In Abrahamic religions, owning both ordinary and sex slaves was legal. What do Hindu scriptures say about owning people as slaves? Did Rama and Krishna free any slaves?

  • There were no slaves in the Hindu world like the equivalent of it in the western world.
    – user1195
    Oct 15 '16 at 2:22
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    There was no slavery in Hinduism (Vedanta). I think you may be asking about slavery in Indian culture, not Hinduism. Oct 15 '16 at 5:32
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    India , where most followers of Hinduism are ,never attacked any other country since from past. And nor captured people to make them slaves by using force .So the case with Hinduism or Sanatan Dharma naturally . Oct 15 '16 at 7:05
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    @Pythagorean Mystic Devadaasi system was a social . practice.
    – Narasimham
    Oct 15 '16 at 21:59
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    I do not understand. So the brahman encourages slavery in one religion but forbids it in another?
    – Wikash_
    Apr 19 '20 at 8:31

There were no slaves in the Hindu world like the equivalent of it in the western world

The above statement is true.But we do have the concept of "dasa/dasi" or servants or (some translate it as) slaves.But they are not the same as say sex slaves or war slaves."Servant" is the more proper word here not "slave".

The dasa or dasis are there to help the householder in his daily duties/chores.In return they get shelter,wages,fooding etc.

Few references of slaves/servants/dasa/bhritya from Scriptures are given below:

8.363. Yet he who secretly converses with such women, or with female slaves kept by one (master), and with female ascetics, shall be compelled to pay a small fine.(Manu smriti)

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4.180. With his father and his mother, with female relatives, with a brother, with his son and his wife, with his daughter and with his slaves, let him not have quarrels.(Manu smriti)

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The following verse also shows that the dasas(servants/slaves) are to be treated with due respect:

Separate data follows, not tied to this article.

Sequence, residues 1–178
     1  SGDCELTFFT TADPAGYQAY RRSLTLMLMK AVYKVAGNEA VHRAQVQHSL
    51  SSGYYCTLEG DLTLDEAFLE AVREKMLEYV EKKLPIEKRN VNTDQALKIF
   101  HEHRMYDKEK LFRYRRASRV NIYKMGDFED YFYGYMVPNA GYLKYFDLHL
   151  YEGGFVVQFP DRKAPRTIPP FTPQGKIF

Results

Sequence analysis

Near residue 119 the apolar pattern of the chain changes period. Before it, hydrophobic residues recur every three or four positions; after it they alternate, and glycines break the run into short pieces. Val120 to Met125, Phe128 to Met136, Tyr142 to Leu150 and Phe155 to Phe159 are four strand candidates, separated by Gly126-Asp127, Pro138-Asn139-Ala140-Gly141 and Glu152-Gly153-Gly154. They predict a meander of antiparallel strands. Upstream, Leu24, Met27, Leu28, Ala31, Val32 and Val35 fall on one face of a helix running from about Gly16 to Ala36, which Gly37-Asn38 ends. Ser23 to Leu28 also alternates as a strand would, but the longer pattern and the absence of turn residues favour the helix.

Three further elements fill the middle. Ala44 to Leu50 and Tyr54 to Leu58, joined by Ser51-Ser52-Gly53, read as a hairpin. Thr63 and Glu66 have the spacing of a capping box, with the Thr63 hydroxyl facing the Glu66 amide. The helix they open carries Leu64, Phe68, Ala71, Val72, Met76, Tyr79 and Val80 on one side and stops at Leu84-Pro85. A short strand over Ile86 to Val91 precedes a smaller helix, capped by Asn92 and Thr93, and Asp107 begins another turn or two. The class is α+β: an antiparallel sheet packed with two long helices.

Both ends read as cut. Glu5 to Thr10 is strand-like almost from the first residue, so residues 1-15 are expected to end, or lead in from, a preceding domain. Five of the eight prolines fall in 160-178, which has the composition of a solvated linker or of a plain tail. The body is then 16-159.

3.116. After the Brahmanas, the kinsmen, and the servants have dined, the householder and his wife may afterwards eat what remains.(Manu Smriti).

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I have found further references in Parashara Smriti as well.

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    Slave is not a true translation of the word dasa/dasi. So, the references do not portray an accurate picture.
    – user1195
    Oct 15 '16 at 12:58
  • 7
    I already mentioned that in the answer itself.Nothing more to explain."Servant" is more appropriate than "slave" .
    – Rickross
    Oct 15 '16 at 14:11

No, Hinduism forbids forced slavery, i.e. enslaving of others.

Verses from various Dharma Shastras:

Nārada (Theft, 28).—‘he who steals a man shall have to pay the highest fine; he who steals a woman shall be deprived of his entire wealth; and he who steals a maiden shall suffer corporal punishment.’

Bṛhaspati (22. 27-28).—‘In the case of women, men, gold, gems, the property of a deity or a Brāhmaṇa, silk and other precious things, the fine shall be equal to the value of the article stolen; or double that amount shall he inflicted as fine; or the thief shall be executed.’

Do. (22.18; Vivādaratnākara, p. 317)—‘Those who steal human beings should be burnt by the slow fire of chaff.’

Vyāsa (Do.).—‘The stealer of women shall be burnt on an iron bed by the slow fire of chaff; the stealer of man should have his hands and feet cut off and then exposed on the road-crossing. He who steals a man should he fined the highest amercement; he who steals a woman should have his entire property confiscated; and he who steals a maiden shall he put to death.’

Śaṅkha-Likhita (Do., p. 318).—‘For stealing a king’s son, the fine is 108 kārṣāpaṇas, or corporal punishment; half of that for stealing persons of the royal family, or of men and women in general.’

Also, those who have already been enslaved by force, should be liberated by a king, from the Vivada Chintamani of Vācaspati Miśra:

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However, there are other ways one can enter slavery according to the Manusmriti:

There are seven kinds of slaves—(1) captured under a banner, (2) slave on food, (3) born in the house, (4) bought, (5) presented, (6) hereditary, and (7) slave by punishment.—(8.415)

Above it has been cited that forced slavery is immoral, but why is this verse allowing it? The commentator Medhatithi answers:

Hence, ‘Dhvajinī’ means the army; he who is captured ‘under the banner’ is the captive of war, who is made a slave.

“What is stated here,—does it refer to the Kṣatriya,—the meaning being that the Kṣatriya made captive in war becomes a slave?”